• 1Firms may be less inclined to promote women in the belief that women are more likely than men to leave after promotion or reduce significantly their commitment to their work.
  • 2Attached lawyers might leave a firm because the lawyer's partner is transferred or takes a job in another location. Historically women are more likely to be the ‘tied movers’ on account of generally earning less than their male partners.
  • 3Finally, the discrimination may be inherent in the promotion to partner decision-making process.

In this paper we move from the econometric analysis presented by Spurr (1990) and Spurr and Sueyoshi (1993) to a behavioural process approach in which we analyse the perceptions of male and female consultants and present evidence on the partner promotion process in a major PSF, i.e. a global management consultancy in this instance. We focus on whether the promotion to partner decision-making process is gender biased and, if so, how this is done through the perceptions of a sample of male and female consultants within the firm.



The study took place within a single international consulting firm, ‘Consultco’ (pseudonym). Consultco is one of the world's leading providers of management consulting and technology services and represents one of the ‘Big 4’ consulting firms. The study is located in the UK practice.

As the aim of this study was to ascertain how the promotion to partner process worked, and whether it disadvantaged women, it was necessary to seek the views of a number of members of a PSF, in this case consultants, to elicit their understanding of the conditions necessary to advance within their firm. This necessitated a sample drawn from the overall population to reflect a broad range of views on the topic. The sample consisted of male and female consultants, representing a variety of ages, grades and the four key business areas in the UK practice. Thirty-four interviews were conducted with 19 women and 15 men.

Data collection

As the study was inductive in nature, i.e. to ascertain how the promotion to partner process works and whether it disadvantages women, a qualitative approach was deemed appropriate (Cassell and Symon, 1994). Semi-structured interviews were used for the study. However, gaining information on individuals' views of the way in which promotion decisions were made posed some problems. Promotion is a rather sensitive topic; individuals may feel aggrieved that they have not been promoted to levels they believe they should, so it was clear that a sensitive approach to framing questions was required to get beyond surface explanations for advancement to the ‘thick description’ essential for effective qualitative research. Interviewees were not asked to provide information or examples in relation to the course their own careers had taken, or to disclose action they had adopted personally to advance their careers. Rather, they were asked to advise an ambitious friend on how to gain promotion to partner within the firm. The question was framed in this way to remove sensitivity individuals may feel by seeming overly strategic or planful in their career advancement. In adopting an advisory role it was anticipated that interviewees would be willing to give their hypothetical friend the full range of their advice on how to advance within the firm without feeling the necessity to hold anything back. The question was framed as an open question to enable interviewees latitude to select from the entirety of their knowledge of how promotion operates within Consultco those elements they believed were most critical to achieving advancement.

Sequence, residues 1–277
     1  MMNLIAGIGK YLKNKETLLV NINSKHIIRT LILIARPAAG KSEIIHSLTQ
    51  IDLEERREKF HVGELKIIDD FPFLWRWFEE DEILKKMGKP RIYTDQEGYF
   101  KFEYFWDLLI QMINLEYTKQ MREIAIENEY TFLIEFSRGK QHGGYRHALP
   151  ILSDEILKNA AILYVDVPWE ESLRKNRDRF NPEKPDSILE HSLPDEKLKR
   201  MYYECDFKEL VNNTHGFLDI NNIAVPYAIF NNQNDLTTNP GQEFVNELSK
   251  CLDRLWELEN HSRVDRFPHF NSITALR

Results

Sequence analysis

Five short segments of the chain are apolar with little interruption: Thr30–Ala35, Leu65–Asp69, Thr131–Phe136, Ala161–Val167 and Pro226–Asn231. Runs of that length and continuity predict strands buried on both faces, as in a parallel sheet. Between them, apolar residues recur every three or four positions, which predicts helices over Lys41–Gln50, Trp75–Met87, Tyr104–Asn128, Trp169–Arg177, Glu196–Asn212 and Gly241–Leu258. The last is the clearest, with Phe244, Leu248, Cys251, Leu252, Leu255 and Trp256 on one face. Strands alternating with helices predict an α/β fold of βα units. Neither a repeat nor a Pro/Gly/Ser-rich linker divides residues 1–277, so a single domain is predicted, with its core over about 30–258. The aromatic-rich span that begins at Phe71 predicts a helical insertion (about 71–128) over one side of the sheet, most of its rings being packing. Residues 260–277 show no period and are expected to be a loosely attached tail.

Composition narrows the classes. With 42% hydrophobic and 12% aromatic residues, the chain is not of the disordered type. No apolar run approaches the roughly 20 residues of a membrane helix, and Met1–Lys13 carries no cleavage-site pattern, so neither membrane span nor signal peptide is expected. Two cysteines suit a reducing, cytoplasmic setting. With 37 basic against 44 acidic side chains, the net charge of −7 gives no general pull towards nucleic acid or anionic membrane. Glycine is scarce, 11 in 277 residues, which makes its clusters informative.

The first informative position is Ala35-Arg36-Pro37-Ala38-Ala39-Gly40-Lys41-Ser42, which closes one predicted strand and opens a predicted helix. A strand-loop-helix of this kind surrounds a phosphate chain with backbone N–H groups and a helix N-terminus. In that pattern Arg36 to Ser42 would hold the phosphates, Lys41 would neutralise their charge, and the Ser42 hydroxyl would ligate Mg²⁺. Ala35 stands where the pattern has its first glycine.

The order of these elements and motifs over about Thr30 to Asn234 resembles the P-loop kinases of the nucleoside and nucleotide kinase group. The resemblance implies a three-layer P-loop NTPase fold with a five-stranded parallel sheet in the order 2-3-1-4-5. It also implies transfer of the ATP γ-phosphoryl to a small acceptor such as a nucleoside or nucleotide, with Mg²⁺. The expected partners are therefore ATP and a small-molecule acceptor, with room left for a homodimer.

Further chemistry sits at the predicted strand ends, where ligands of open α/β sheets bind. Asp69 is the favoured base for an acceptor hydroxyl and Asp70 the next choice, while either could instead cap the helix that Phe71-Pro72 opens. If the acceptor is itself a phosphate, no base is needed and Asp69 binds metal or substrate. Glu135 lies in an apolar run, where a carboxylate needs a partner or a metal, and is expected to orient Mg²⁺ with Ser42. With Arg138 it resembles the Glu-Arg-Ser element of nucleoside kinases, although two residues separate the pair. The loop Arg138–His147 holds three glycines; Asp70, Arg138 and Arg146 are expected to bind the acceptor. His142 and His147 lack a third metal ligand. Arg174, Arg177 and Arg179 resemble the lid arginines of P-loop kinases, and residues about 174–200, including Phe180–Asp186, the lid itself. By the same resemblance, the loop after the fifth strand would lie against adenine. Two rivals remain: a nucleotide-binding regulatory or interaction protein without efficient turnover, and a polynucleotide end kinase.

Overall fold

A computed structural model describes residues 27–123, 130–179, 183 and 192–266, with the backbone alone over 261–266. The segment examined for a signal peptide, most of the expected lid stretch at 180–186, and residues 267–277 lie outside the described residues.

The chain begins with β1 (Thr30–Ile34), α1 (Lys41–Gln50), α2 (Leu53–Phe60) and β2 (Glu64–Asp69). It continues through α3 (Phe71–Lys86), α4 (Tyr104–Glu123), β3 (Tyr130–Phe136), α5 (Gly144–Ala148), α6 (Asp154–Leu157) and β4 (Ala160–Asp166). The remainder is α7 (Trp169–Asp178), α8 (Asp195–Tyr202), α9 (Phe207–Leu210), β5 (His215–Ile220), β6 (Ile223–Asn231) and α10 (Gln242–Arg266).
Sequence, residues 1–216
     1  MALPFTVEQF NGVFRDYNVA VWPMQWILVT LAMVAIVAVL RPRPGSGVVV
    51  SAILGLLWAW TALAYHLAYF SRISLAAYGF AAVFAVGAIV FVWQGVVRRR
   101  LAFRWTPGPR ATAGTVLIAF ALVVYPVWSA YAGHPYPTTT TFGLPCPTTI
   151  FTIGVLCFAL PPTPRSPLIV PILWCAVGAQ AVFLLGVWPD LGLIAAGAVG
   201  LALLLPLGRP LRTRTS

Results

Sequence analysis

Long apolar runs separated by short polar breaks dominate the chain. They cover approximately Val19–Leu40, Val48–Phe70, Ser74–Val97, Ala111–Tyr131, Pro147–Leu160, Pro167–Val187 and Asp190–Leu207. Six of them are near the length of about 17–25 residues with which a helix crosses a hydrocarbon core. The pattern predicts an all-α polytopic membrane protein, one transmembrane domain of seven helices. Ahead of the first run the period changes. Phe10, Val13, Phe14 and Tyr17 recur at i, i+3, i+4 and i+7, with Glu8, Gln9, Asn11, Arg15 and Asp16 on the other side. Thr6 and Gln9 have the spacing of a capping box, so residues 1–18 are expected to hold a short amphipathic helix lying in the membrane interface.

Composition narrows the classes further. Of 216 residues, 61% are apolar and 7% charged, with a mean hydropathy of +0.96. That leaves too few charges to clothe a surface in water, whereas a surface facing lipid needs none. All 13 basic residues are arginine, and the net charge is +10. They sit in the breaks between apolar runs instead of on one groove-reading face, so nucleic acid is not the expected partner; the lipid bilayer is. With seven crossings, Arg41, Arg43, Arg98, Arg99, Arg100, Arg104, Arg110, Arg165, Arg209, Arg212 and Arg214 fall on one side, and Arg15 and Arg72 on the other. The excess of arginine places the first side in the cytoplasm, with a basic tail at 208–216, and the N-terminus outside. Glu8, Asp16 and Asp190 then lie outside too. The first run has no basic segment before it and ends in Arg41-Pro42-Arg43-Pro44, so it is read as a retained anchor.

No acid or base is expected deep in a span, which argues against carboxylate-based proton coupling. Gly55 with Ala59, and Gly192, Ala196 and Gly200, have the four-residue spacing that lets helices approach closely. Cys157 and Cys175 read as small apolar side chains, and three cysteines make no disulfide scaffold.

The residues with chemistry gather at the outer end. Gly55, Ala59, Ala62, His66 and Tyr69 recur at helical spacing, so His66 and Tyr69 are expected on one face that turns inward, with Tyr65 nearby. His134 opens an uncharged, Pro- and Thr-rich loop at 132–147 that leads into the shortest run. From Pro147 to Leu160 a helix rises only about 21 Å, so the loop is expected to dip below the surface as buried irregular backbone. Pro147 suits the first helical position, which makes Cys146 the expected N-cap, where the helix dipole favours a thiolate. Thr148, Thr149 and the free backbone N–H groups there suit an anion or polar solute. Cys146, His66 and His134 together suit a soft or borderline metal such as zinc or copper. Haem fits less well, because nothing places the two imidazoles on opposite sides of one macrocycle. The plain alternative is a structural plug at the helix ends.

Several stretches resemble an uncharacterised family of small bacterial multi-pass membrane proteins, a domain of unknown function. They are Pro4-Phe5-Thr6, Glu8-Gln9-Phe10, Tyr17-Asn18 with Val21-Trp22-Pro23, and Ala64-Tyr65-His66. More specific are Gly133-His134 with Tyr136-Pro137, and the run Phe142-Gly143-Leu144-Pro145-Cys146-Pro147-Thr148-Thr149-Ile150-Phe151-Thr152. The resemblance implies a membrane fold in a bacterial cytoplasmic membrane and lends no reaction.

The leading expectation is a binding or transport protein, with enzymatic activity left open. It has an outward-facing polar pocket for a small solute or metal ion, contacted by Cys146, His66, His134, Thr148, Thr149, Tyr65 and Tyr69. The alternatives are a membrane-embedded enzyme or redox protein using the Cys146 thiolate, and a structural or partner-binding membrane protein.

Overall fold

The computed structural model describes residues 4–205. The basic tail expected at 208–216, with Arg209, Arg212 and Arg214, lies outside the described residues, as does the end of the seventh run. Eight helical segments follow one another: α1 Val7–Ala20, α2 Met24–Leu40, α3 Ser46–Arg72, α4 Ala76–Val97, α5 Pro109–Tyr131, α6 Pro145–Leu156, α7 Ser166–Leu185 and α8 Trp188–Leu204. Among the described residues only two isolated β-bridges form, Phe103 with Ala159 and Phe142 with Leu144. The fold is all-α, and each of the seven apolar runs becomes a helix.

Interviewees were also asked if there were things they would specifically advise their friend not to do (i.e. factors which would inhibit their promotability), and whether in their view promotion as it operates within the firm is fair. It should be stressed that interviewees were asked for their perceptions of the way in which the promotion to partner process operates. The 34 interviewees were drawn from three grades within the UK practice:

  • Consultant 3, a grade attained after typically three to five years with the firm and one which would necessitate at least two promotions had the individual started their career with the firm;
  • Principal Consultant, a senior consultant with between four and six years' experience, who is required to manage large projects and has some revenue generating responsibility;